Throwback Thursday– A Christmas Carol

A Christmas Carol is one of my absolute favorite books. I think everyone needs to read it. This weekend, I watched the film “The Man Who Invented Christmas” about Charles Dickens as he wrote A Christmas Carol.

As a writer, I loved its portrayal of him dealing with the interruptions of life as he wrote with a looming deadline. As an independent publisher, I could identify with his stress of paying to publish it by himself. Yes, even the great Charles Dickens couldn’t convince his publishers that a book was sellable. They had no doubt that it was a good book, just that there wasn’t a market for it. And, make no mistake, over 150 years later, publishers are still in the business of selling books. If you’re ever rejected by a publisher it probably does not mean your book is bad as much as they don’t have a ready market for it. 

For Dickens, the lack of a market was a real thing. He wanted to write a Christmas book but it was an unfashionable holiday. He wanted to add ghosts to it but the Ghost of Christmas Present was jolly and happy. The perception at the time was of spooky or even evil ghosts. In the film,  the illustrator flat out says he can’t draw what he can’t understand. 

Another thing from the film I loved was showing how the characters showed themselves to the author. 

And golly, I could relate to Dickens problems with getting the characters to do what he wanted!

I especially loved how he carried the characters around with him and now and then they would remind him that he hadn’t finished the book. Some of them were downright hostile to him. They brought up all his fears and insecurities. They dredged up his past. Of course, Dickens eventually conquers his demons and his characters. He completes the book, just in time, and the beloved classic we know is born.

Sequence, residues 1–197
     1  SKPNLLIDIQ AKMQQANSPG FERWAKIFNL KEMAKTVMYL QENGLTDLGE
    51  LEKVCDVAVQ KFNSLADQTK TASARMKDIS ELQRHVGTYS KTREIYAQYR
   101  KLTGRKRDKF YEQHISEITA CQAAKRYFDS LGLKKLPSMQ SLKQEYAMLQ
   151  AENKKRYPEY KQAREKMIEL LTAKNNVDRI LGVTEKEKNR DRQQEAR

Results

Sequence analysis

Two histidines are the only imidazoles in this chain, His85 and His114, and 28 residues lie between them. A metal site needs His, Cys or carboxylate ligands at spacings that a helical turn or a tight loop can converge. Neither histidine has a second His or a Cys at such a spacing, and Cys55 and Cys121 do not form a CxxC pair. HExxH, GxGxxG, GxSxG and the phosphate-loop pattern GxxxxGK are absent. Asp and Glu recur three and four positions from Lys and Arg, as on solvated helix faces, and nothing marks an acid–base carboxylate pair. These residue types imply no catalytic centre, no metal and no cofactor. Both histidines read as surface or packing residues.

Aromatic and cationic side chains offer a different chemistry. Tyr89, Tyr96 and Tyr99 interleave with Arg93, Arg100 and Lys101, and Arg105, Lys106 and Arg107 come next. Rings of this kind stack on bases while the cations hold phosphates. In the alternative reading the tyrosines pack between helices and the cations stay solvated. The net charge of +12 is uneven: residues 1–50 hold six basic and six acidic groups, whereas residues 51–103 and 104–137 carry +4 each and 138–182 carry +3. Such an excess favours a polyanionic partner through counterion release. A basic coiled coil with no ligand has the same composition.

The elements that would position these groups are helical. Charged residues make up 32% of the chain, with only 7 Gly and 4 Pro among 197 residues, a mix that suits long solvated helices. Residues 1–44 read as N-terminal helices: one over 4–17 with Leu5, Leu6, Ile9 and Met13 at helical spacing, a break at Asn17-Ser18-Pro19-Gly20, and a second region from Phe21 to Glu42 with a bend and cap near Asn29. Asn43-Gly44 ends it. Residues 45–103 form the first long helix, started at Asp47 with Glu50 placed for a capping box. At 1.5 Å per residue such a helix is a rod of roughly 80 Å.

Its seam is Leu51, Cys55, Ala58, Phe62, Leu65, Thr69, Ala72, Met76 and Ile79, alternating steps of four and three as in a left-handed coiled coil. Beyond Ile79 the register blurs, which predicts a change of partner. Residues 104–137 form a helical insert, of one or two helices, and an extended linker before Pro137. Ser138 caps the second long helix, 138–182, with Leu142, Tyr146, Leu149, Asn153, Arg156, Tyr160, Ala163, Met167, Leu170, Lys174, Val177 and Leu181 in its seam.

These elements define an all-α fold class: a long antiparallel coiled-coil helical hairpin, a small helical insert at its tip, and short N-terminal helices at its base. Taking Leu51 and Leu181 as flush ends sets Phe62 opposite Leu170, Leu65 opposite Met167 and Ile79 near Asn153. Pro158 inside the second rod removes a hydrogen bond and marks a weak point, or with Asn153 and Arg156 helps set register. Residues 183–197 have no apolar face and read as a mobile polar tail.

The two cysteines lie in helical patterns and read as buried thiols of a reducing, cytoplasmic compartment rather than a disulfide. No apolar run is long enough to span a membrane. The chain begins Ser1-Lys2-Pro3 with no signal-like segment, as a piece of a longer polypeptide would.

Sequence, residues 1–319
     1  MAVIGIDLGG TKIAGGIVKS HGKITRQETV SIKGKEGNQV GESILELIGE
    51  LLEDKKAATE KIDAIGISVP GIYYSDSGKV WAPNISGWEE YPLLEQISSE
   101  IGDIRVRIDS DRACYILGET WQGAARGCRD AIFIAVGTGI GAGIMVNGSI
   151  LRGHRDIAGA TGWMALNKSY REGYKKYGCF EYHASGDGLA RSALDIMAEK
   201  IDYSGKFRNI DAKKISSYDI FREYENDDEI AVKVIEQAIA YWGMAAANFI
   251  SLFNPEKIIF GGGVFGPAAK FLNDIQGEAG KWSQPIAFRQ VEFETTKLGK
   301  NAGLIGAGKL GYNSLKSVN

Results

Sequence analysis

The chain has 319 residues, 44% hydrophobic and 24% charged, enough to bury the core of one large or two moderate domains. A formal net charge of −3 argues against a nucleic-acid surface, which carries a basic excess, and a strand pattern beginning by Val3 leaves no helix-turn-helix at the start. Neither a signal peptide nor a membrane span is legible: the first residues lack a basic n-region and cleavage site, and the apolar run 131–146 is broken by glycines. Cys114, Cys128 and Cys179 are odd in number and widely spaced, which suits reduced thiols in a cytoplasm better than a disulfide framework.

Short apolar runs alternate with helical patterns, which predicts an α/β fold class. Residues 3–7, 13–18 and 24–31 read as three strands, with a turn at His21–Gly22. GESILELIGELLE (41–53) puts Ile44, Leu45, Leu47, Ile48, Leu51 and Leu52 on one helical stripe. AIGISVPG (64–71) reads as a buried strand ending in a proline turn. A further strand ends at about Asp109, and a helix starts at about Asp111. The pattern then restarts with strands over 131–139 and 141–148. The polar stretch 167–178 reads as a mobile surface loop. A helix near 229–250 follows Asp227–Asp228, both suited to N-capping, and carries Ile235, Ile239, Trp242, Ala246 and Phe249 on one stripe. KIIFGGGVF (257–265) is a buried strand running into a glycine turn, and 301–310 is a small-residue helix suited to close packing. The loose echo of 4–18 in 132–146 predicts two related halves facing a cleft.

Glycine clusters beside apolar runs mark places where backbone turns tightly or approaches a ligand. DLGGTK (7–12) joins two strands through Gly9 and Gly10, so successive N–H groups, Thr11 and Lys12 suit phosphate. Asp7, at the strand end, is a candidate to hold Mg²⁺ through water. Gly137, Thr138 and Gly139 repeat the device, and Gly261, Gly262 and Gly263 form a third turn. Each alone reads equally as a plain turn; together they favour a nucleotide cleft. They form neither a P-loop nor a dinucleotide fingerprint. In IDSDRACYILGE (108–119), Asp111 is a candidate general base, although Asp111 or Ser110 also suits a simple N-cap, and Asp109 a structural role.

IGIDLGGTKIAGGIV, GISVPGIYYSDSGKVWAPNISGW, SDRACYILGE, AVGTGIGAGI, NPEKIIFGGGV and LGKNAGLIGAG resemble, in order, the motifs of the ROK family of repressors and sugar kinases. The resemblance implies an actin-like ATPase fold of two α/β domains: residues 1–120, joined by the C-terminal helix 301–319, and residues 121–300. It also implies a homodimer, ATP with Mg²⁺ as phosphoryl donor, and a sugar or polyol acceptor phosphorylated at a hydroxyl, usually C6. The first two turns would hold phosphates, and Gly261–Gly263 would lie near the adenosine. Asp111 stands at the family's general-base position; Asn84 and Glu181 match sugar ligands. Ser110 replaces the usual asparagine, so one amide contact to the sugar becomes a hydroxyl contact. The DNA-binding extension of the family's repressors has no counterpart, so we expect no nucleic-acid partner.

However, this post isn’t about the film or Dickens. It’s about the history of A Christmas Carol. The book was published in 1843. It is a novella, which should bust any myth which says only a novel can be satisfying, critically acclaimed, or poignant. Dickens wrote the piece in six weeks. He had to pay for the publishing. Even though it has a publisher’s name on it, he essentially self-published.

The book released on December 19 and the first run of six thousand copies sold out on Christmas Eve. It was reprinted two more times before the new year. In 1844 it was printed eleven more times. It was priced at 5 shillings, which Wikipedia says would be 23 pounds in 2018 money. It was not a cheap read! Since its publication, the book has never been out of print and has been translated into several languages. It is Dickens’ most popular work in the United States and sold over two million copies in the first hundred years since its publication. I did not find a more recent computation but I would guess it would be close to three million copies sold by now. 

Despite its success and the genius of the work, Dickens made only 230 pounds on the book and not the one thousand he expected from the first edition. This was due to the high publishing costs. He had very specific ideas about the illustrations, the pages the book was printed on, and the binding. In his life, Dickens was left disappointed with the book and never considered it a favorite. 

The film about the process is aptly titled, because the book did change the public’s feelings about Christmas. Through Mr. Scrooge’s memories, we see how the holiday had been celebrated in his youth, seemingly forty or fifty years previously. If you aren’t good at math, that would in the early 1800ss, or about a decade before Jane Austen was publishing her works. Consider how little of an event Christmas is in her books compared the post-Dickens era. By Dickens’ day, very few celebrated it with traveling to family the way we see the Gardiners and the John Dashwoods do. Scrooge is mean and miserly and Christmas barely occurs to him at all, but Dickens wanted the readers to see themselves in the old man. He was showing that there was a bit of Scrooge in most people. The readers responded in kind. Throughout the Victorian era (Victoria inherited the crown in 1837), Christmas grew as a popular holiday and many of the traditions we celebrate today began during her reign.

I’ve always loved A Christmas Carol. However, since seeing the film, The Man Who Invented Christmas, and learning about the book’s publication history, I appreciate it all the more. Did you know any of these facts about A Christmas Carol?

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